Everything changed when vehicles took over as the transportation method of choice. That change took urban planning in a different direction, just as cities in Canada and the United States were growing.

Residential areas were planned as just that: places where people had their homes. Quiet neighbourhoods—urban and suburban alike—were composed of blocks and blocks of houses, punctuated by the occasional park and perhaps a school or two. To do just about anything, residents got in their car and drove out of the neighbourhood. They’d connect with a broad avenue, designed to efficiently carry a high volume of vehicle traffic from place to place. (Sometimes these avenues were accompanied by a sidewalk for pedestrians and lanes for bicycles, but not often.)

The places a family needed to shop were ‘over there,’ at the far end of a car trip. At the other end were the offices where many of the residents worked.

That type of car-centric community design is, happily, becoming a thing of the past. Urban planning in North America is coming around. There is an increasing focus on creating complete communities within cities, where people can choose to live, work, and play within a relatively small radius. In doing so, North American cities are becoming more liveable all the time.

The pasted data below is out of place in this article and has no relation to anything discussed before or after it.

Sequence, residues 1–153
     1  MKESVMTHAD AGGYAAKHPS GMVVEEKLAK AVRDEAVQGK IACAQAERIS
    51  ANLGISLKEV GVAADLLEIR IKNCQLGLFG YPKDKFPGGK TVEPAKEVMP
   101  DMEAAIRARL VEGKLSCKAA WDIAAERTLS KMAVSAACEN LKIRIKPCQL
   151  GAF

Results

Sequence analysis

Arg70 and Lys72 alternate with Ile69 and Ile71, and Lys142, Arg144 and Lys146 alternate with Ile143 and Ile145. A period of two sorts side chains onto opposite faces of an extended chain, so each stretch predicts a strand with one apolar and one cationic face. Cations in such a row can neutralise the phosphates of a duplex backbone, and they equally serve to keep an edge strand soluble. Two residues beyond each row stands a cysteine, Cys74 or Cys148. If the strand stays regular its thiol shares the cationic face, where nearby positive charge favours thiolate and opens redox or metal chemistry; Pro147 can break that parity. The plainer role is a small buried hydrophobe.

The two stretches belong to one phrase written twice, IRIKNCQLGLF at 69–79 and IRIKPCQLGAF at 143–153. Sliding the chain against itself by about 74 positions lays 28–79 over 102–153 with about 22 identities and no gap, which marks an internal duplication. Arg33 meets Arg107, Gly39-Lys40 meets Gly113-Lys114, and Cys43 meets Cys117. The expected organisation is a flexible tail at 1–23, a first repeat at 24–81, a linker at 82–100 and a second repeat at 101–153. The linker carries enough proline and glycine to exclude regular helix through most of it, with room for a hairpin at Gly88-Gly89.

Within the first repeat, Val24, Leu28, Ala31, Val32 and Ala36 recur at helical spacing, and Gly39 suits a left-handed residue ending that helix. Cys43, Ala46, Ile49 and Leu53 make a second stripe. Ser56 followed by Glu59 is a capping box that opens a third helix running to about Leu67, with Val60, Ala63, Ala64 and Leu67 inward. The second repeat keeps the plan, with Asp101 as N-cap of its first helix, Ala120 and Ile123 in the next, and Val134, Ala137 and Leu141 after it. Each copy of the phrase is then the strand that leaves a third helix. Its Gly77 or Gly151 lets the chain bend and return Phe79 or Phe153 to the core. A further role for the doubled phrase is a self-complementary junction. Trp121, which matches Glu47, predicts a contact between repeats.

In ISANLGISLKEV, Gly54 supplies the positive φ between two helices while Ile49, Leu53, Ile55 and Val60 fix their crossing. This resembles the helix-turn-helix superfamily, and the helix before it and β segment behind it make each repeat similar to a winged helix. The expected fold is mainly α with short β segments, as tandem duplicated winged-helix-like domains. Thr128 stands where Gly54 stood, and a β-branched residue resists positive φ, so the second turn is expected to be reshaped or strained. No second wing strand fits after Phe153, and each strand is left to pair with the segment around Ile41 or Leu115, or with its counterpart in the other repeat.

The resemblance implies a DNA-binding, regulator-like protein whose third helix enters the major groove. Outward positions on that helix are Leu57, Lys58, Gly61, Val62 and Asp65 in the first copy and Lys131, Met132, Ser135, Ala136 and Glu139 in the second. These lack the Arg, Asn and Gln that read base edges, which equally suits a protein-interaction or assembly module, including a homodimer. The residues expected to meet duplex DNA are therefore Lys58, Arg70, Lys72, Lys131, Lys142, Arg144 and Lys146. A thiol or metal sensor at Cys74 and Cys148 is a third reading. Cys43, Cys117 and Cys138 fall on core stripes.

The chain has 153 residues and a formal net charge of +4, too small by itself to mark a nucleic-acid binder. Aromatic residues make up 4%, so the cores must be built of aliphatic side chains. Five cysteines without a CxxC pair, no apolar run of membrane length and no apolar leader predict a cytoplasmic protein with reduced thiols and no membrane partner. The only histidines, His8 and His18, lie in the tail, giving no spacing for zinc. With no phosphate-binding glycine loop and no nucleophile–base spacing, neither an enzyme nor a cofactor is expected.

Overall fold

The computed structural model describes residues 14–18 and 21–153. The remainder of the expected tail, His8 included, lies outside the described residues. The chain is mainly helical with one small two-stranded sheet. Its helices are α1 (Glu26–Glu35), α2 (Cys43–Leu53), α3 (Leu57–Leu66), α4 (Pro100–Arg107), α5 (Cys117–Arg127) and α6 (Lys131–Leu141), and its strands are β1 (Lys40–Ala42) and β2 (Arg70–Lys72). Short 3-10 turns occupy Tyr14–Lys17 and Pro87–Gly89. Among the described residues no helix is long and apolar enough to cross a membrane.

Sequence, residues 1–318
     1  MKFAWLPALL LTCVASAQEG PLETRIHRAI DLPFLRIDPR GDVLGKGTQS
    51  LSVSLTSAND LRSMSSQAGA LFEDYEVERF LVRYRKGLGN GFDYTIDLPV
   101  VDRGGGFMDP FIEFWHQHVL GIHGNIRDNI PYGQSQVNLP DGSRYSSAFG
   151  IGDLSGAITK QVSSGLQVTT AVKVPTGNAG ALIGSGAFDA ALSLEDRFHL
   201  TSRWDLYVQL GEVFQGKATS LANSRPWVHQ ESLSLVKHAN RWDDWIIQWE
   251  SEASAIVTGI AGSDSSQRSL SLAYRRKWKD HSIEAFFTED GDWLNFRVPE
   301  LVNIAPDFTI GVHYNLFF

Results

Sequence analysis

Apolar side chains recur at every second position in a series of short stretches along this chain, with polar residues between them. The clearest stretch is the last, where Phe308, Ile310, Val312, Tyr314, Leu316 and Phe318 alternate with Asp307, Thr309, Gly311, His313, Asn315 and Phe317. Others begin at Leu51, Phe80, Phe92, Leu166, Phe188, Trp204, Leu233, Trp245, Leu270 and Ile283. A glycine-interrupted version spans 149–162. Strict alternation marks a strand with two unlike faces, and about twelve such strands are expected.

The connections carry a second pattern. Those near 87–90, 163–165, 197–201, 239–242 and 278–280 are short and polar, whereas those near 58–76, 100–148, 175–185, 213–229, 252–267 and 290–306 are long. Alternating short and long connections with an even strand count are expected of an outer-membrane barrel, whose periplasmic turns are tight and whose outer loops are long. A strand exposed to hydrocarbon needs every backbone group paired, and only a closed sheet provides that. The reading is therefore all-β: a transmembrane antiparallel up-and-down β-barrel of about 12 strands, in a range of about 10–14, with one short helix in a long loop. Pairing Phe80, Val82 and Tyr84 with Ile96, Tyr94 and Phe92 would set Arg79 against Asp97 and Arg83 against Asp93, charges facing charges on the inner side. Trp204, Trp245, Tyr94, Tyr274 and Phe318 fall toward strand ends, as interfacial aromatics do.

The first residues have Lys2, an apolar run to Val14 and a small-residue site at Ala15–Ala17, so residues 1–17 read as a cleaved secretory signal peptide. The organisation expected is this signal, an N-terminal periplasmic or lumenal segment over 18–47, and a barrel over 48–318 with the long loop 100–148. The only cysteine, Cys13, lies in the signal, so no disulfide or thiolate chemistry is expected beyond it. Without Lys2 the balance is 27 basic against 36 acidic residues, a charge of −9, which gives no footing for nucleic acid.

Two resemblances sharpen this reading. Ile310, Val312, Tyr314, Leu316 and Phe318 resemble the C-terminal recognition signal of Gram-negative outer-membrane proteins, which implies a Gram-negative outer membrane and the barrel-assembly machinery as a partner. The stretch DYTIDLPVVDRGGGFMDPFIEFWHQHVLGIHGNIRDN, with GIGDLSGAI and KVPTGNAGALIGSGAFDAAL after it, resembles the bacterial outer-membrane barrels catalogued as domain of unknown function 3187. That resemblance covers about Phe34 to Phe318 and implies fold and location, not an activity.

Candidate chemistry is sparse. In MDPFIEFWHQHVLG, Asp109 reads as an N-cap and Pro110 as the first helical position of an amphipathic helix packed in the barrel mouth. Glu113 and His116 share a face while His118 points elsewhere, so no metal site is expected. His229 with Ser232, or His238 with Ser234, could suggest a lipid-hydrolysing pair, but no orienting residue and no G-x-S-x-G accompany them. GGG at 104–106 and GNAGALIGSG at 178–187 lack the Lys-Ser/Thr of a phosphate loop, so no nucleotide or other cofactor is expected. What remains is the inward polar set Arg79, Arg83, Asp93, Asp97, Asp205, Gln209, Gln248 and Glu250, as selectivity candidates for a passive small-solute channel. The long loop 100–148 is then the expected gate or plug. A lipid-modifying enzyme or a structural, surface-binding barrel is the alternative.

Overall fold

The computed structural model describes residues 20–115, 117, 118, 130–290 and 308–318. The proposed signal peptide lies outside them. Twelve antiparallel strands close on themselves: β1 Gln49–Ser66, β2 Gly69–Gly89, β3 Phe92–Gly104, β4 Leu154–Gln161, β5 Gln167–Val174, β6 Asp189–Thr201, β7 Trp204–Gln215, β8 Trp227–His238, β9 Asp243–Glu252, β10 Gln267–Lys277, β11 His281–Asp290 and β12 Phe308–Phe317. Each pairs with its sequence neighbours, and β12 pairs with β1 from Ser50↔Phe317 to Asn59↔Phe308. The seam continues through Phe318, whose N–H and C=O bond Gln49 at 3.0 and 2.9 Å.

Where do we go from here?
One of the challenges facing urban planners is correcting the mistakes of the past. Communities that were designed around the vehicle are difficult to reform. Zoning changes that allow for more diverse land use in established areas are one of the only levers available to planners. Over time, areas that are purely residential may begin to incorporate more commercial and retail uses, and previously developed land can be reclaimed as green space.

In established commercial areas of a city, the introduction of residential and retail applications through infill and rezoning can also inject life and vibrancy into areas that were previously lively only during office hours.

These changes, requiring both government action and private sector investment, are slow to take effect. The real opportunity exists where new development is underway. A growing number of cities are embracing these opportunities. But why?

Liveability as an economic development tool
A well-planned city offers a high quality of life throughout all of life’s stages. It offers recreational options for younger and older people alike. Young professionals and retirees may look for different things in a city, but a liveable city is one that offers something for everyone as their needs and desires evolve. It is one that makes the necessary activities of life—living, working, shopping—as accessible as possible for people of all ages and with all levels of mobility. A liveable city incorporates ample green space and recreational options. It also makes a good quality of life affordable, with a range of housing options and a transportation network that makes car-free living possible, should one choose.